Flatbread with smoked olives, brie and prosciutto

Flatbreads have ancient origins, with the simplest and earliest forms just a mixture of some sort of flour, water, and sometimes salt, kneaded together, patted flat and fried over a fire. I love flatbreads, and have a weakness for chapatis, toasted pita bread, and tortillas. I’ve tried lots of recipes and this one is my absolute favourite – inspired a little from a Jamie Oliver recipe, and a little from the back of an Atta flour packet. It uses a couple of raising agents, so it isn’t a true flatbread, but the end result is very light in texture and the bread soft and almost fluffy. There is also a delicate sourness that comes from the yoghurt, and that’s what I like most about it. Paired with delicious smoked olives, soft and creamy brie and some salty prosciutto, it makes a perfect starter or pre-dinner snack. The flatbread can also be used to mop up a curry, smear with hummus or tzatziki, roll around a spicy meatball with tabbouleh, or serve as a base for a one person sort-of-pizza. They freeze well, too, so can be kept on standby for after-school teenager’s snacks.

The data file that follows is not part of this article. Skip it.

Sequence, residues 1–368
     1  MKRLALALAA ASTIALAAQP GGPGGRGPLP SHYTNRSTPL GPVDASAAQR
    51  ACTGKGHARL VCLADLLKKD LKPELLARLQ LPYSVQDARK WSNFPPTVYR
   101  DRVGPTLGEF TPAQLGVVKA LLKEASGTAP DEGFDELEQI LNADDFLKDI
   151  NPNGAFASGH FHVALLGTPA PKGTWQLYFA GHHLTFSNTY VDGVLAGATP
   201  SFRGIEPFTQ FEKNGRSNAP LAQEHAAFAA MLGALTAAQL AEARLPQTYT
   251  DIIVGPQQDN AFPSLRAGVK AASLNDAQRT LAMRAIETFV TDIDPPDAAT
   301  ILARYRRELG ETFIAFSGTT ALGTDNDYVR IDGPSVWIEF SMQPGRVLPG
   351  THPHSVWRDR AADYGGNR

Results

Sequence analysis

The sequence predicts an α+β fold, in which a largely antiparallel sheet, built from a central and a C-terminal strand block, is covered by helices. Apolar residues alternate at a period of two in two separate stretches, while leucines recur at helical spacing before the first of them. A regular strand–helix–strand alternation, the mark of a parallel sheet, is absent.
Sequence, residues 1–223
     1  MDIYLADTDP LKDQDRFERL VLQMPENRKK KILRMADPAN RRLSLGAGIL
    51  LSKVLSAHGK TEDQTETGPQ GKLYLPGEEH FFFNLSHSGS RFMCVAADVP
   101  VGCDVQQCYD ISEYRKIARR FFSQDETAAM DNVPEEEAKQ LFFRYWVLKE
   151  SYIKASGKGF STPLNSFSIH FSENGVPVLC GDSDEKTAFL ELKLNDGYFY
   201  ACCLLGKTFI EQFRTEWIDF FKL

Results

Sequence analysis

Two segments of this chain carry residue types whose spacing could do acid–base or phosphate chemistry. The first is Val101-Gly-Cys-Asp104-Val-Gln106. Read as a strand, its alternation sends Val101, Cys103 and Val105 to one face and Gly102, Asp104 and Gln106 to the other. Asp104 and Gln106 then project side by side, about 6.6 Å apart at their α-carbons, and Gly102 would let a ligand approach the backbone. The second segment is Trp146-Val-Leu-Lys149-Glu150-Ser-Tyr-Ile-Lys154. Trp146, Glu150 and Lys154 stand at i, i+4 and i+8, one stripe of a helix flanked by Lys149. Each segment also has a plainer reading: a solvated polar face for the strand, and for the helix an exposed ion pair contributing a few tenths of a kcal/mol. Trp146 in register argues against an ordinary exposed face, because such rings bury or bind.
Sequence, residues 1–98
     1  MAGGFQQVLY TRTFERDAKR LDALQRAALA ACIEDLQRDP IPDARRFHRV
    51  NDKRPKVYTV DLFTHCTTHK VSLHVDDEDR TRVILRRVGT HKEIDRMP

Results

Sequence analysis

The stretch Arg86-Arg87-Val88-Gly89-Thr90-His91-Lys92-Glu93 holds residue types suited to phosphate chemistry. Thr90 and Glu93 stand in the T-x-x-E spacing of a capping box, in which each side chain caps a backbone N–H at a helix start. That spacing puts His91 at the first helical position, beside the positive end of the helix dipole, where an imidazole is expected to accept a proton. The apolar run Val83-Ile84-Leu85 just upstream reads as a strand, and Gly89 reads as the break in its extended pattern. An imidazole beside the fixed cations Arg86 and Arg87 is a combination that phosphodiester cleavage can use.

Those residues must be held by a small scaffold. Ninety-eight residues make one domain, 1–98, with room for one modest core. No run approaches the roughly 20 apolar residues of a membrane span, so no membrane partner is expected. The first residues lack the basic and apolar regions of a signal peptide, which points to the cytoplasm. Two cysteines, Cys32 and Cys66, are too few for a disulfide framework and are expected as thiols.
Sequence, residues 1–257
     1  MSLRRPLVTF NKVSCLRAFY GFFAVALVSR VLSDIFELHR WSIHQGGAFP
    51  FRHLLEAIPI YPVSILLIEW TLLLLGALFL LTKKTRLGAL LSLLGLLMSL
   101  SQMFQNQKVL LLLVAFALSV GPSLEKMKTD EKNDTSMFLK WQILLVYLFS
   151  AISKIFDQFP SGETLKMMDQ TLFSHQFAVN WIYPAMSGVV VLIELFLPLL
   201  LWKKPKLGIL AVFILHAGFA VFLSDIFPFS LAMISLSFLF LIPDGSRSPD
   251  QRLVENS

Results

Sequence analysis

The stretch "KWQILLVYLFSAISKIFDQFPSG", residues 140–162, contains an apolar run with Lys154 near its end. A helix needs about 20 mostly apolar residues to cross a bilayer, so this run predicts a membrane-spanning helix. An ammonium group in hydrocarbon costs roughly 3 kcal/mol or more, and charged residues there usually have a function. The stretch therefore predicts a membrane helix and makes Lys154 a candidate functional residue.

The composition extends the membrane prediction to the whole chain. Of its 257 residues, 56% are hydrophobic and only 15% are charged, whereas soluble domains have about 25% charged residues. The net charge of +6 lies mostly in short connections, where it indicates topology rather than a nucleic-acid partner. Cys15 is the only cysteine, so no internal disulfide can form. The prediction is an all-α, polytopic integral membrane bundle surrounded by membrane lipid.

Makes 12

500g self-raising flour, plus a little extra
3 teaspoons sea salt
1 tablespoon baking powder
500g greek yoghurt
1 tablespoon butter, melted
Smoked Sicilian olives, brie and thinly sliced prosciutto, to serve

In a medium sized mixing bowl combine the flour, salt, baking powder and yoghurt and bring together to form a soft dough. Turn out onto a board or bench top which is lightly dusted with the extra flour and knead lightly.  Form into a ball and then cut into 12 equal pieces. Form each piece into a ball and then roll out flat with a rolling pin to form a rough circle, about 10cm in diameter. Heat a heavy based griddle pan until quite hot. Don’t add any oil to the pan. The flatbread will not stick as long as you don’t try to turn it too early. Cook the flatbreads on the griddle, turning once after a minute or so, or when there are nicely browned marks from the ridges of the pan all across the surface of the bread. As you take each flatbread out of the pan, brush one side with a little of the melted butter. Keep warm while you cook all the flatbreads and then serve.

Printable version Flatbread with smoked olives, brie and prosciutto